Indonesians search for victims of dam breach

Rescue workers searched desperately into the early-morning hours today for dozens of missing Indonesians after a dam burst just outside the capital and a wall of mud and water killed more than 60 people as they slept.

“My prediction is we still have many people trapped in there, so the death toll will rise,” said Rustam Pakaya, chief of the Health Ministry’s crisis center.

“I think the death toll can reach 100,” he said. The Associated Press reported that at least 69 were dead.

Torrential rain Thursday raised the level of a reservoir behind the dam to almost 55 yards above capacity, Pakaya said, and “the dam could not hold the water; it was overloaded, and the dam burst around 2 a.m.”

At least 31 survivors dragged from the muck and flood water in the town of Cirendeu were rushed to two hospitals in nearby south Jakarta.


Aerial photos showed an enormous hole, hundreds of feet across the earthen dam, as though a giant claw had torn through it.

Subandrio Pitoyo, a public works official, said that because of heavy rain, the water behind Situ Gintung Dam rose so high that it overflowed the earthen wall, collapsing it.

If the dam had been made of concrete, it would have withstood the pressure, he said.

The scene was reminiscent of the 2004 tsunami that wiped out whole villages in Aceh on the Indonesian island of Sumatra, Pakaya said.

The dam collapse flattened houses across a three-mile area where 2,000 to 3,000 people live, he said.

People’s belongings and wooden planks splintered by the force of the flash flood lay in heaps along the riverbank Friday afternoon as survivors waded through water several feet deep. Many others took refuge on rooftops.

A man in his early 20s, identified only as Alif, said he woke up as water rushed into his small home about 500 yards from the dam. Within five minutes, the water had reached neck level, he told local television.

He swam to save his parents from the torrent rushing through their bedroom. He found them pinned by dresser drawers but was able to pull them out, break through the roof and push them to safety.

“When we finally were able to put them on top of the roof, I went back inside to get my niece and my younger brother. I was looking for them frantically, but I could not find them. Finally I knew that they did not make it.”

Searchers later found the bodies, Alif said, and according to Muslim tradition, they were buried before nightfall the same day.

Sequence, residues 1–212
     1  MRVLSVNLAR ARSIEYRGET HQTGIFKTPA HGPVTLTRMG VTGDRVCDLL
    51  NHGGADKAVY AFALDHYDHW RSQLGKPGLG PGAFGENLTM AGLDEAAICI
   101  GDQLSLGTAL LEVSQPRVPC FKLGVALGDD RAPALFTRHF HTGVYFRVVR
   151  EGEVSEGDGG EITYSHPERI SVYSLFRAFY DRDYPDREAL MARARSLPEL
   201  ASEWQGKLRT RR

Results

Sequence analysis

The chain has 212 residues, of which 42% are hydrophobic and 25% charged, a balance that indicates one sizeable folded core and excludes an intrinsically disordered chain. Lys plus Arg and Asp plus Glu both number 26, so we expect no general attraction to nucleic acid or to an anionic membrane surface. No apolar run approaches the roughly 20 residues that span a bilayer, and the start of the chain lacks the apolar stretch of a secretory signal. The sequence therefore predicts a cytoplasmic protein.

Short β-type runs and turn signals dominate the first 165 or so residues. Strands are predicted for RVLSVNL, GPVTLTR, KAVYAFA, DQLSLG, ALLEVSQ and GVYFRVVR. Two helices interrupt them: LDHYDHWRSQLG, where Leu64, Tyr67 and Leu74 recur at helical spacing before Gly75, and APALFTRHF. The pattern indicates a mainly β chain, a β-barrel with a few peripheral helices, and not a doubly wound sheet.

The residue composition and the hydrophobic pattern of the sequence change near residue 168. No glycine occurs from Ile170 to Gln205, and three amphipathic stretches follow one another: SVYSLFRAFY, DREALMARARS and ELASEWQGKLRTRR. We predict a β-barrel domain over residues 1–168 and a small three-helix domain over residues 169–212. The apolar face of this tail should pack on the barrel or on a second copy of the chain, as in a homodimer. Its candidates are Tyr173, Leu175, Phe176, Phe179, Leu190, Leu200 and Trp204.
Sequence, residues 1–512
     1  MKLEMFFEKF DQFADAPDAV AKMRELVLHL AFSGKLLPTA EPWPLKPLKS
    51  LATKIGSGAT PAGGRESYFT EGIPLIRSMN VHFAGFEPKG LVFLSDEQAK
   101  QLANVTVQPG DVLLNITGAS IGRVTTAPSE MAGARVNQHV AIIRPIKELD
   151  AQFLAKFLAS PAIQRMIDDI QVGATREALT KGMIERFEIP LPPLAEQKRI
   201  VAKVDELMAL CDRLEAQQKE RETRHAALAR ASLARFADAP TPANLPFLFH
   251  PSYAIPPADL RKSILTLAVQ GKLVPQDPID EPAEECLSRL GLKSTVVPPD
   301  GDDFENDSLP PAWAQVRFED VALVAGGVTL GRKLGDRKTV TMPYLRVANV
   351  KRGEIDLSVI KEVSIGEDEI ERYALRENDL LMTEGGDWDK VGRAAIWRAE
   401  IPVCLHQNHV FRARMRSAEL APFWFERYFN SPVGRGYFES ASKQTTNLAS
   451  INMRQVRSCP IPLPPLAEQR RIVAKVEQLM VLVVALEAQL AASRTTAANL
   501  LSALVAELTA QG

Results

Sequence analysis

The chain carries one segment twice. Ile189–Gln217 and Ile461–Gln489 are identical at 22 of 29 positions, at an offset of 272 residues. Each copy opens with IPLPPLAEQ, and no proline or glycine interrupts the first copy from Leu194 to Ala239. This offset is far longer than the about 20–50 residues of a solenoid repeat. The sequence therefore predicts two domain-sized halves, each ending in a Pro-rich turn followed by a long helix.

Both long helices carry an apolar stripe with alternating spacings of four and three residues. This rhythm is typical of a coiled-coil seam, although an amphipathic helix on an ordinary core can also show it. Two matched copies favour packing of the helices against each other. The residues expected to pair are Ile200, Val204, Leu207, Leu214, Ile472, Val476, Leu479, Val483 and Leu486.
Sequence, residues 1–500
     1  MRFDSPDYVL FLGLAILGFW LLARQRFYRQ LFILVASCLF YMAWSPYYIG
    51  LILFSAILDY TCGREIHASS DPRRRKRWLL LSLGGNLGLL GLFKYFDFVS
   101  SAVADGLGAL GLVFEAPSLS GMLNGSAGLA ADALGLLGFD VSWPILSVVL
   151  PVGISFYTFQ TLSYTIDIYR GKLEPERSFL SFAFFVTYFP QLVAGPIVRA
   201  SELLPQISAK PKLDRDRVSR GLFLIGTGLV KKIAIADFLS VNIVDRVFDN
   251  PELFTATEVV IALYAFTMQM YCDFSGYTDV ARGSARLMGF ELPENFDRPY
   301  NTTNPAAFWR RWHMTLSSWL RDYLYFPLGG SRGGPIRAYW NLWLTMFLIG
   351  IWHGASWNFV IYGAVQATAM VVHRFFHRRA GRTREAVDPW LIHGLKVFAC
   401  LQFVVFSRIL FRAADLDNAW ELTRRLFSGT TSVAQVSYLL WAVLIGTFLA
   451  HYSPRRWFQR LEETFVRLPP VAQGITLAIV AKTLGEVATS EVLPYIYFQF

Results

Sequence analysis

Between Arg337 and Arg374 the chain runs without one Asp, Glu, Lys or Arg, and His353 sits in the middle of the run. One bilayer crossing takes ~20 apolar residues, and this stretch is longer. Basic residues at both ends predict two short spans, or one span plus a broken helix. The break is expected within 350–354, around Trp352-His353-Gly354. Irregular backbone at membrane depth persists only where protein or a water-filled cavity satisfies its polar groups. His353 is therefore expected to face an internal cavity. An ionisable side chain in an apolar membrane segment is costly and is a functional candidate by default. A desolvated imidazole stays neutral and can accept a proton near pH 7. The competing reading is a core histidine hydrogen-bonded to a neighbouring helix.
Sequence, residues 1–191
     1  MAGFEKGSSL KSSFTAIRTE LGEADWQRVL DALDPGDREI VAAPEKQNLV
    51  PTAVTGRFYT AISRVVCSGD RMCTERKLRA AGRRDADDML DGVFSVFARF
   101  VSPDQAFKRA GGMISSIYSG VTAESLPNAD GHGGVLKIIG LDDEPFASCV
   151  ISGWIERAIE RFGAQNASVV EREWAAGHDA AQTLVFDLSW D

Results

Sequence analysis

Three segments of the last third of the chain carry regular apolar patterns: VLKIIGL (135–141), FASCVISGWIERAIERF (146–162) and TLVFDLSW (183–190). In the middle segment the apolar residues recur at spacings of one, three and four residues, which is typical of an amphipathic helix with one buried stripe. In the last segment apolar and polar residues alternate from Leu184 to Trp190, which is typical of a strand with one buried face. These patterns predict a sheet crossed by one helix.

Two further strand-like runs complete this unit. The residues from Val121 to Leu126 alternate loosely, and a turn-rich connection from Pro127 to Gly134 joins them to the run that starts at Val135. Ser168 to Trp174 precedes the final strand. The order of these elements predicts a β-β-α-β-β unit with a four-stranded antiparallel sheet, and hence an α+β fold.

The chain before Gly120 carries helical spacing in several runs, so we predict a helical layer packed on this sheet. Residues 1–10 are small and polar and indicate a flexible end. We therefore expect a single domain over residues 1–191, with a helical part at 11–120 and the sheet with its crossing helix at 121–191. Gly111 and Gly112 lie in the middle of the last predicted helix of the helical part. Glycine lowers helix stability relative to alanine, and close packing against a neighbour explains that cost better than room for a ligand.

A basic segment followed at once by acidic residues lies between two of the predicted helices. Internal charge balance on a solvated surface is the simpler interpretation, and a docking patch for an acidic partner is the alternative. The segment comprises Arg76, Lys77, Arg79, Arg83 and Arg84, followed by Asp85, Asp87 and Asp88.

Emergency crews evacuated hundreds of people, including terrified, weeping children. Others paddled out on makeshift rafts.

As the sun set Friday, high wind and a heavy downpour thrashed Jakarta, the capital, and the surrounding area. The storms have arrived late in Indonesia’s annual monsoon season, which usually lasts half the year.

The Jakarta region has a terrible record for flood control, and its 9 million people brace themselves for inundation every five years or so.

In February 2007, an estimated 1 million had to flee their homes after a flood struck roughly half the city, including the central business district. Authorities said piles of trash had clogged spillways that were supposed to channel the water out to sea, and they assured residents that they would improve the flood-control system.

The city’s international airport is on low ground that is frequently flooded, forcing authorities to shut down the facility.

After the dam burst Friday, the Health Ministry set up an emergency relief post at Muhammadiyah University in the capital.

But most survivors turned to family members for help, officials said.

Led by President Susilo Bambang Yudhoyono, officials handed out more than 2,000 relief packages.

“We are going to rebuild the dam,” the president said. “We will rethink the construction so this will not happen in the future. The maintenance is the responsibility of local government, and the central government will support it.”



Massive flood

More photos of the devastation near Jakarta can be viewed online.